Category Archives: Paul Frees

Blu-Ray News #231: The Great Northfield, Minnesota Raid (1972).

Directed by Philip Kaufman
Starring Cliff Robertson, Robert Duvall, Luke Askew, R.G. Armstrong, Dana Elcar, Matt Clark, Elisha Cook, Royal Dan0, Paul Frees (narrator)

I don’t mean for this to sound negative, but The Great Northfield, Minnesota Raid (1972) is one of the few so-called Revisionist Westerns I really like.  From the great cast to the narration from Paul Frees to Bruce Surtees’ terrific camerawork, it’s a picture that really clicks for me.

Shout Factory’s upcoming Blu-Ray should be a real treat. The film deserves it.

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Filed under 1972, DVD/Blu-ray Reviews, Elisha Cook, Jr., Paul Frees, R.G. Armstrong, Shout/Scream Factory

Blu-Ray News #199: The Thing From Another World (1951).

The Thing LC2

Directed by Christian Nyby
Produced by Howard Hawks
Starring Kenneth Tobey, Margaret Sheridan, Robert Cornthwaite, Douglas Spencer, Dewey Martin, Eduard Franz, Robert Nichols, James Arness, John Dierkes, Paul Frees

The Thing (1951) scared me to death as a kid. It’s one of my Top 10 favorite films. It’s been sitting at the top of my Blu-Ray Want List since the format was introduced. And it’s finally coming to Blu-Ray from Warner Archive.

It’s basically about some cool military guys and a really cool woman saying and doing cool things as they take on a monster from outer space — and a scientist who’s determined to protect it. Howard Hawks’ stamp is all over it (cool people lumped together to deal with a crisis), whether he directed it or not.

This is essential. And I cannot wait for this Thing!

Keep watching the skies!

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Filed under 1951, DVD/Blu-ray News, Howard Hawks, Kenneth Tobey, Paul Frees, RKO, Warner Archive

Blu-Ray Review: The Cyclops (1957).

Written, Produced & Directed by Bert I. Gordon
Cinematography: Ira Morgan
Music by Albert Glasser
Film Editor: Carlo Lodato
Special Voice Effects: Paul Frees

Cast: James Craig (Russ Bradford), Gloria Talbott (Susan Winter), Lon Chaney (Martin ‘Marty’ Melville), Tom Drake (Lee Brand), Duncan Parkin (The Cyclops, Bruce Barton), Vincent Padula (The Governor)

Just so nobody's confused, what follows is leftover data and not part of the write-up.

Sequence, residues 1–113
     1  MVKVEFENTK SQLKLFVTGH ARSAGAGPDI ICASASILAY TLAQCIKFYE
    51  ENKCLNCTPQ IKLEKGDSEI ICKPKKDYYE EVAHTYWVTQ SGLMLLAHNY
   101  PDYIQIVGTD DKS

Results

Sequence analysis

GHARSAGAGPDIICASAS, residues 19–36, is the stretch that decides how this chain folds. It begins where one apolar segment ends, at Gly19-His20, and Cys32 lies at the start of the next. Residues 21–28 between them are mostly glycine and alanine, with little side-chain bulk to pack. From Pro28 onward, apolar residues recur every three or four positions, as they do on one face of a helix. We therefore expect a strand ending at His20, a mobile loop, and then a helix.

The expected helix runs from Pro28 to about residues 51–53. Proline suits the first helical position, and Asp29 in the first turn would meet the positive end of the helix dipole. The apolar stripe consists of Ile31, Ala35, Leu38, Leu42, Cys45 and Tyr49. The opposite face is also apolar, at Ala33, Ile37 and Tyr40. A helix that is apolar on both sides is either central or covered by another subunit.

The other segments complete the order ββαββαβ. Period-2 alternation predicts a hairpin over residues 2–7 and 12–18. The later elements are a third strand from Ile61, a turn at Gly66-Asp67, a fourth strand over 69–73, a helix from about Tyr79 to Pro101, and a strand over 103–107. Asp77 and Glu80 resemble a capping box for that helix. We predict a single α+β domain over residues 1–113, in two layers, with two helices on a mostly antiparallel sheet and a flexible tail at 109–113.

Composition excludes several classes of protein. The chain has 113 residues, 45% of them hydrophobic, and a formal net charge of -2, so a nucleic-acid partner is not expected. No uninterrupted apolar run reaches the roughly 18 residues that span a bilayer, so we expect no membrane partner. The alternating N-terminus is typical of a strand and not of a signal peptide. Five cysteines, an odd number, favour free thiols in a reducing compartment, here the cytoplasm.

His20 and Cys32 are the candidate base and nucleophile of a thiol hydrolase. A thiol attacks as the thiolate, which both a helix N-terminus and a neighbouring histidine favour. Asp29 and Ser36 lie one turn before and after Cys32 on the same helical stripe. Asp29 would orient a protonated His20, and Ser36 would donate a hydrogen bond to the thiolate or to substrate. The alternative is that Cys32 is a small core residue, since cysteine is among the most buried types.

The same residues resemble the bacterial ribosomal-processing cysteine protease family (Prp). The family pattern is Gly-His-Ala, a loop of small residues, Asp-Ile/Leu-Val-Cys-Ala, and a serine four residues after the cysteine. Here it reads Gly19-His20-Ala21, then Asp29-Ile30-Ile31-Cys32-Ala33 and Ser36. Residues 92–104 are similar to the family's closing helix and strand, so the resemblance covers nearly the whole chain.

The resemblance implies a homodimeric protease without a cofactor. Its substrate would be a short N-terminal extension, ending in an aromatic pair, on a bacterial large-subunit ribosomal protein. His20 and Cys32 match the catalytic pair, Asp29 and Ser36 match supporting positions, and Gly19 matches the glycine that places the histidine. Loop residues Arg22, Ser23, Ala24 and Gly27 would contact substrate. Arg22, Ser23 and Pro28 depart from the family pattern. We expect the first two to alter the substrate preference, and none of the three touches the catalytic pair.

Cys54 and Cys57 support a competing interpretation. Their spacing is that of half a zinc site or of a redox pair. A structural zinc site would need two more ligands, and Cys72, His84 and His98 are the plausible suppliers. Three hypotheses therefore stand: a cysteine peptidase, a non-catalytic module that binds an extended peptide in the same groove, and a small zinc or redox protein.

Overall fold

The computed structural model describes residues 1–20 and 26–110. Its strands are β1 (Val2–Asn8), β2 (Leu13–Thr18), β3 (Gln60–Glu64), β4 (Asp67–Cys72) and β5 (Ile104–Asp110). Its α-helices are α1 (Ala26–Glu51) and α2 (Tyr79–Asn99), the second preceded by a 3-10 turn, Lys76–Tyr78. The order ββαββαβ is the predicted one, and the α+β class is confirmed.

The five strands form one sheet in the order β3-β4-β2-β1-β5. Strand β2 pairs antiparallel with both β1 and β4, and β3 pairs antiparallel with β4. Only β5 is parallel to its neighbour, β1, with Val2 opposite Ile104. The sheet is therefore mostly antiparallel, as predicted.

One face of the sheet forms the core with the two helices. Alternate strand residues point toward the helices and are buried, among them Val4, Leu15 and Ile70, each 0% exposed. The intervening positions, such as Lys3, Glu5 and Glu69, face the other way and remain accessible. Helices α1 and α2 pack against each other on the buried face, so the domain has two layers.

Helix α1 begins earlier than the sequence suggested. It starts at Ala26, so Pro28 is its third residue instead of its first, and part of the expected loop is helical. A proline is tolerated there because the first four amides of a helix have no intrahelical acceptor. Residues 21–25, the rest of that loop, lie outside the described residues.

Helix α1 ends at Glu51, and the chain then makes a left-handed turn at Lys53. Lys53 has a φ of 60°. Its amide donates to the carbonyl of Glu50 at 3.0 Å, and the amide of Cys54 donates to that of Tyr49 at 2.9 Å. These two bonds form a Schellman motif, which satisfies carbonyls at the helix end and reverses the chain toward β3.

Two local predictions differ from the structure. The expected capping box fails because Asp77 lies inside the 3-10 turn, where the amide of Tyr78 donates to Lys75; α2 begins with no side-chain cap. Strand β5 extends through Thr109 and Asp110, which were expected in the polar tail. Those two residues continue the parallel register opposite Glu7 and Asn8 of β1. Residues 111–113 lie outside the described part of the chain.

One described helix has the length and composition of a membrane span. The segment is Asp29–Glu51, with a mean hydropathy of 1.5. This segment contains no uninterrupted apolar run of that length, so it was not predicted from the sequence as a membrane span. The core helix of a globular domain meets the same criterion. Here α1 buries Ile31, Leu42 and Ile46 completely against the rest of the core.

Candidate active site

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The Cyclops (1957) is 66 minutes of one-eyed wonderful-ness. It was the first in a string of pictures from writer/producer/director Bert I. Gordon where regular-sized people became very big, (oftentimes) very ugly, and ultimately very destructive. His other big pictures include The Amazing Colossal Man (1957), War Of The Colossal Beast (1958), Village Of The Giants (1965) and Food Of The Gods (1976). How does all that and Gordon’s initials, B.I.G., figure into the whole auteur theory thing? Of course, let’s not forget his change of pace, Attack Of The Puppet People (1958), where some folks (including John Agar) get smaller rather than larger.

The Cyclops goes something like this. Susan Winter (Gloria Talbott) and a group of three “adventurers” head to Mexico to locate her fiancée, Bruce Barton (Duncan Parkin), who went missing three years ago. They crash their plane in a jungle valley with very high levels of radiation where, you guessed it, all the animals are really, really big. Birds, bugs, snakes, lizards — all huge. Then, along comes a giant bald guy with a really messed-up face and a voice that sounds exactly like Paul Frees grunting and groaning.

The special effects (also by Gordon), well, they ain’t so special. The cyclops and other monsters are often oddly transparent, and it looks like very little thought went into keeping the scale of the creatures consistent from one shot to the next. A papier-mâché rock seems to dress up the oft-used entrance to Bronson Caves, but it actually provides something to superimpose the cyclops behind. (It’s weird to think that the climax of a masterpiece like The Searchers and a slew of movies like The Cyclops were shot in the exact same spot.)

All that, and it’s got Lon Chaney, Jr. in it!

The Cyclops is terrible in all the best ways. There’s a charm to it the movies will never be able to recapture. As Hollywood goes for the bigger, I’m drawn to the smaller (and older). That said, Warner Archive has The Cyclops livin’ large on Blu-Ray. It looks better than I ever thought this cheap picture would ever look. It’s sharp, the contrast and grain are absolutely perfect, and the audio is as clear as it can be. I’m so glad movies like this are getting this level of attention.

In short, The Cyclops on Blu-Ray is easy on the eye (sorry, couldn’t resist) — and highly recommended.

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Filed under 1957, Bert I. Gordon, DVD/Blu-ray Reviews, Lon Chaney Jr., Monogram/Allied Artists, Paul Frees, Warner Archive